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Perhaps we only dislike racism that changes incomes, not happiness — yet mates often change income a lot. Another explanation is that we only don’t care about racism in the “personal” sphere, though this just changes the question to what exactly is “personal” and why do we care differently about such things. Added: The UN definition supports the “personal” theory: “Racial discrimination” shall mean any …
We could even collect stats on the race of folks that people contact at dating sites, just as we check now on rates rates in hiring at firms, etc.
Firms are full of people, including employees, customers, suppliers, and investors, any of which might care about the race of folks they must deal, mingle, associate, etc. At schools, the teachers, students, and ultimate employers of those students may also care about race.
Yes people may be mistaken about how much they care about the race of their associates, and perhaps this justifies government policies forbidding overt racism at firms, schools, or clubs. Sure it is impossible to legislate away all racism in dating, but the same is true for hiring etc.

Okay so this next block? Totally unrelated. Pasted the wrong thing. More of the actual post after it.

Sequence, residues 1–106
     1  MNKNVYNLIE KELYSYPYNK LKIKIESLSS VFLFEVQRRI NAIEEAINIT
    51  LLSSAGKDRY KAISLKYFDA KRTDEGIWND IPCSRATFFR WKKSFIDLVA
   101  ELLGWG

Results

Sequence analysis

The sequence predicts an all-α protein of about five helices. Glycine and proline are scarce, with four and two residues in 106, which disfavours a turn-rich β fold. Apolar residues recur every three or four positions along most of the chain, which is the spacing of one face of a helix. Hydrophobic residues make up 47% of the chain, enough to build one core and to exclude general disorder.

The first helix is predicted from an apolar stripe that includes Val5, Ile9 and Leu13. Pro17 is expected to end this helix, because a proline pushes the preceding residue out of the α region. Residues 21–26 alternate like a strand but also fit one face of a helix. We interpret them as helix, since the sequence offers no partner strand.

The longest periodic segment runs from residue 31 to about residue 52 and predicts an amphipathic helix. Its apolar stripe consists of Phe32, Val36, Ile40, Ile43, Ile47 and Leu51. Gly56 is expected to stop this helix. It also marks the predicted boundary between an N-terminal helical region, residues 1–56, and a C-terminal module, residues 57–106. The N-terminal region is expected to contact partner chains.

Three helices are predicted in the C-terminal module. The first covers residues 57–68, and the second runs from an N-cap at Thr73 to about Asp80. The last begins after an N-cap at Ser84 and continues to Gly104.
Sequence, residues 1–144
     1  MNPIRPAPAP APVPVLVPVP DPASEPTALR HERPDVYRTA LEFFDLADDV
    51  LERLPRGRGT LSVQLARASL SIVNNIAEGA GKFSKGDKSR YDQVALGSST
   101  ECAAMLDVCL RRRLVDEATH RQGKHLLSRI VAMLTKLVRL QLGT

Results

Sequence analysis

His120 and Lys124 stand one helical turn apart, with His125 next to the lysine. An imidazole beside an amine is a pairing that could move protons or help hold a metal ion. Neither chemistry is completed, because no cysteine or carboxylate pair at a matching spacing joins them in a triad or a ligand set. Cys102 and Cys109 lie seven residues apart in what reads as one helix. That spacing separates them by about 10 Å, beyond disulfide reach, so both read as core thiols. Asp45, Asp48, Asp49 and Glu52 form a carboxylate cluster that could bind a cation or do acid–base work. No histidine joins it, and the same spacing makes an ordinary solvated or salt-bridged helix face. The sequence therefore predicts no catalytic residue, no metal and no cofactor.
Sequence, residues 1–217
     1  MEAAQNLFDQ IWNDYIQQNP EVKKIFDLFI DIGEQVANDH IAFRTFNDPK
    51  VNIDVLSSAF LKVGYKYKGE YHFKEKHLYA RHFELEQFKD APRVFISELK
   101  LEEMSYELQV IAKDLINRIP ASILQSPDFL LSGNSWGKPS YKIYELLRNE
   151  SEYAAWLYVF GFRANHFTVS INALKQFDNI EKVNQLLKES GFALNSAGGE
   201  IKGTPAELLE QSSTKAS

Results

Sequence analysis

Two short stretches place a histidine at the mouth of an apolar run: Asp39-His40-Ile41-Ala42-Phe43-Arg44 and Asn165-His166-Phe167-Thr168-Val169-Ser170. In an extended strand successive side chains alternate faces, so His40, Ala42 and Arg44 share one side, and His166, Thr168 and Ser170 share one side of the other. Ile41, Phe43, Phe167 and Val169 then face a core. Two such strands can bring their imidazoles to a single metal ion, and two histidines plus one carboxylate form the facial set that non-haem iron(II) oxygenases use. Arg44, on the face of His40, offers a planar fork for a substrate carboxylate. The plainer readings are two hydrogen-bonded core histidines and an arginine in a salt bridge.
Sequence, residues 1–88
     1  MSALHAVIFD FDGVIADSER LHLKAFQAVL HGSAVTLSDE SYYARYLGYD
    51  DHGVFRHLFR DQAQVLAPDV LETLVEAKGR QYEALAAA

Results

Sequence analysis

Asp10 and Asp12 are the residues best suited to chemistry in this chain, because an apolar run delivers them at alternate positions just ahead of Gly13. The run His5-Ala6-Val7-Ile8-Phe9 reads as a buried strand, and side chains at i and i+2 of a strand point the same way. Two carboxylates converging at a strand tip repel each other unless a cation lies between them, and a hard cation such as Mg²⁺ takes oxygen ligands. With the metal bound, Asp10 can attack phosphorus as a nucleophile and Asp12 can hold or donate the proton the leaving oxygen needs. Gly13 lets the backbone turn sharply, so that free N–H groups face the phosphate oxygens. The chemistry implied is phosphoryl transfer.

Likewise, black women will be disproportionately snubbed by men of all races. requires users to identify their ethnicity; like e Harmony, it considers members’ racial preferences when suggesting matches. The site’s profiles include space to indicate interest (or lack thereof) in various racial and ethnic groups. Nicole Coleman, a psychology professor at the University of Houston.
Of these, nearly half selected Asians, but fewer than 7% did for black women. In October, [Ok Cupid.com], 80% of whose members choose to input their race, studied the messaging patterns of more than a million users and concluded on its official blog that “racism is alive and well.” … Or is overlooking an entire ethnicity as innocuous as filtering out redheads or people under a certain height?
More than once I have received a racially tinged introductory message that asked, "What are you? "But it's just a thing that happens because of the way the culture is set up—the way whiteness or blonde-ness, or whatever, is glorified in the media, for example, and entertainment—and they've absorbed it, consciously or otherwise."In my experience, some men save this kind of profiling until after the first date.